Dolo’s water, the so-called “blue gold”, was considered a real treasure for Venice and for this small village on the Riviera del Brenta. It was an essential good, a real lifeblood, which gave life not just to the people but to their economy as well, creating over time a unique and unbreakable bond, which still exists today.
Venice means water, and exactly in the floating city that this year celebrates its 1600 anniversary, drinking water was nowhere to be found.
“Veniexia è in aqua et non ha aqua” (Venice find itself on water, and still doesn't have it), wrote once Marin Sanudo, and this is exactly the reason why the bond between Venice and Dolo was born.
It was in 1600 that the Seriola, a 14km long and almost one meter wide canal, was designed and created. Long before the public aqueduct was built, in the second half of the 19th century, and much after since rainwater used to be collected, and water wells were invented. The canal let water flow from Dolo to Moranzani di Mira, where it was filtered and collected into barrels, ready to be carried elsewhere.
“Hinc Potus Urbi”, which mean “from here the drinking water for the city”, is what was written on the marble inscription engraved where the Seriola canal took its way from the Brenta, and where the blue gold, the drinking water, get on boats (called burchi or burchielli) and reached Venice.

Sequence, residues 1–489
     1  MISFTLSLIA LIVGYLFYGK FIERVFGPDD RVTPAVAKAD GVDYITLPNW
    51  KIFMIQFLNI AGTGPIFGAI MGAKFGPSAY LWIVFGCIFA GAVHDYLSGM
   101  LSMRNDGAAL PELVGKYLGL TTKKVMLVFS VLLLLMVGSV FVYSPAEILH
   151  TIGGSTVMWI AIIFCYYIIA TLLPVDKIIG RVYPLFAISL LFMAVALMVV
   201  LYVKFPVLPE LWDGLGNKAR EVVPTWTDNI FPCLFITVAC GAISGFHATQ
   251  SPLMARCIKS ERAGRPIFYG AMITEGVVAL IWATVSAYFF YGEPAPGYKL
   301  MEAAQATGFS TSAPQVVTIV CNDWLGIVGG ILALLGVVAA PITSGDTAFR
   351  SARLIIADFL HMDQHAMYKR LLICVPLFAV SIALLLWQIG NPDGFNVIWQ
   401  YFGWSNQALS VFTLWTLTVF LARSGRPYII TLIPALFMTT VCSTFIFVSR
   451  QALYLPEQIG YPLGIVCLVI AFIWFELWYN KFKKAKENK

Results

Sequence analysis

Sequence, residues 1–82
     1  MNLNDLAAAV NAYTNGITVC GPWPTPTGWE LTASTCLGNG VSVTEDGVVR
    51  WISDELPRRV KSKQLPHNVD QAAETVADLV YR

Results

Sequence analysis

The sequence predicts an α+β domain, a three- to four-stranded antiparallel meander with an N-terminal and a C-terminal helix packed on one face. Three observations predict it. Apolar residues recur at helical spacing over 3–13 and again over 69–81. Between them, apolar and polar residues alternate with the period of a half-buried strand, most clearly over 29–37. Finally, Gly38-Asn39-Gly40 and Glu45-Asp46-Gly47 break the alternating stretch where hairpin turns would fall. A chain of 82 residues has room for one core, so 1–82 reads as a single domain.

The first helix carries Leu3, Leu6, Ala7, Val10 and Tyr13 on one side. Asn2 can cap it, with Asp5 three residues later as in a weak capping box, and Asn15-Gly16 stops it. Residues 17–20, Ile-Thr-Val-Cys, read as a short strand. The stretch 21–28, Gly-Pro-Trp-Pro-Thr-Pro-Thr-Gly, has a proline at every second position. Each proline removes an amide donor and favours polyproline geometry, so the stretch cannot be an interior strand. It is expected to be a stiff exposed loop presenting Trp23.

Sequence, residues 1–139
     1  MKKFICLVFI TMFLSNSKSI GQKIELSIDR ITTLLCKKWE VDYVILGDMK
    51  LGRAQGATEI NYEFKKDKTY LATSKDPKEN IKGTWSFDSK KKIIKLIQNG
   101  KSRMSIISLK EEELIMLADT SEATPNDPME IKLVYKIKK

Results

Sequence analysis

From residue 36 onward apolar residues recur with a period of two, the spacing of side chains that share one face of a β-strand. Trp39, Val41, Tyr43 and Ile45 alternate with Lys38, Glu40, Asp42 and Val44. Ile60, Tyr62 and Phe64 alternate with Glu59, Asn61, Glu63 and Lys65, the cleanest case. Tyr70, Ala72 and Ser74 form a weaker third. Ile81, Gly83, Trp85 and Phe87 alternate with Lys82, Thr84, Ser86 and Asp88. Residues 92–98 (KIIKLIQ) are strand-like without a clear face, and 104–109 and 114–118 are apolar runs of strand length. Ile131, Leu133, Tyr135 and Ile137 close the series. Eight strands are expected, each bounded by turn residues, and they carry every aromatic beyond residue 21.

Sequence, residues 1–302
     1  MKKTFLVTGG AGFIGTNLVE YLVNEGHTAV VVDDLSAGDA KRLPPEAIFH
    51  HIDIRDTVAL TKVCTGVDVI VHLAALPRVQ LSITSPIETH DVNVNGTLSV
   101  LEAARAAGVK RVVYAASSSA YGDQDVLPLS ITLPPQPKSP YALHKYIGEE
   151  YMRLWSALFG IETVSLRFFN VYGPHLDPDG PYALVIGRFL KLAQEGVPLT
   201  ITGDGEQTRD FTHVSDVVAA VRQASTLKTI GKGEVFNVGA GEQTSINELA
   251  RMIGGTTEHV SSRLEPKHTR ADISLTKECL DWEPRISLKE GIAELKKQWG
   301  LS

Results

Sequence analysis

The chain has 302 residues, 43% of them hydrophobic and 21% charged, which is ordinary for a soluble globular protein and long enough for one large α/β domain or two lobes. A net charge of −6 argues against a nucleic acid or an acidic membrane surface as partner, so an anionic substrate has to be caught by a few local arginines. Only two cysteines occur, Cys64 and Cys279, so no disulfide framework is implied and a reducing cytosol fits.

“Once arrived in the city, drinking water was poured into the vere da pozzo (Venice typical water well) or directly delivered to the Doge, thus becoming an essential asset for Venice” - says Elisabetta Vulcano, founder of the Riviera del Brenta Study Center.
Dolo’s water was not just a precious and essential asset for the life of Venetians, but it also guided the burchielli boats, it moved the floodgates of the locks, and let the well, of which was considered in 1500 as one of the biggest mills of Europe, move. Work and wealth was what guaranteed a mill in the village, which at the time was five times bigger than it is today. Here, the grain collected by peasants in the countryside was brought, and then ground, transformed into flour, packed, loaded into boats and carried to be sold in local markets.
Building a mill in Dolo meant investing and redeveloping an area hitherto unknown, restoring the roads and canals once created by the Romans, and controlling the Brenta flow as the territory could be crossed in all weather conditions. The choice of the Serenissima, which has always been a pioneer, eventually proved to be essential, considering that America was discovered and the development of trades overseas marked the losses of many flows in the Mediterranean. Thus, within a few decades, the small village of Dolo became for the Republic of Venice a social and economic reference point, even after its fall.
The Serial thus continued to represent one of the main water sources from which the Venetian aqueduct drew, at least until the end of the 19th century. The mill, on the other side, as a key element for the economy of the lagoon city, and the village itself, remained active until 1989.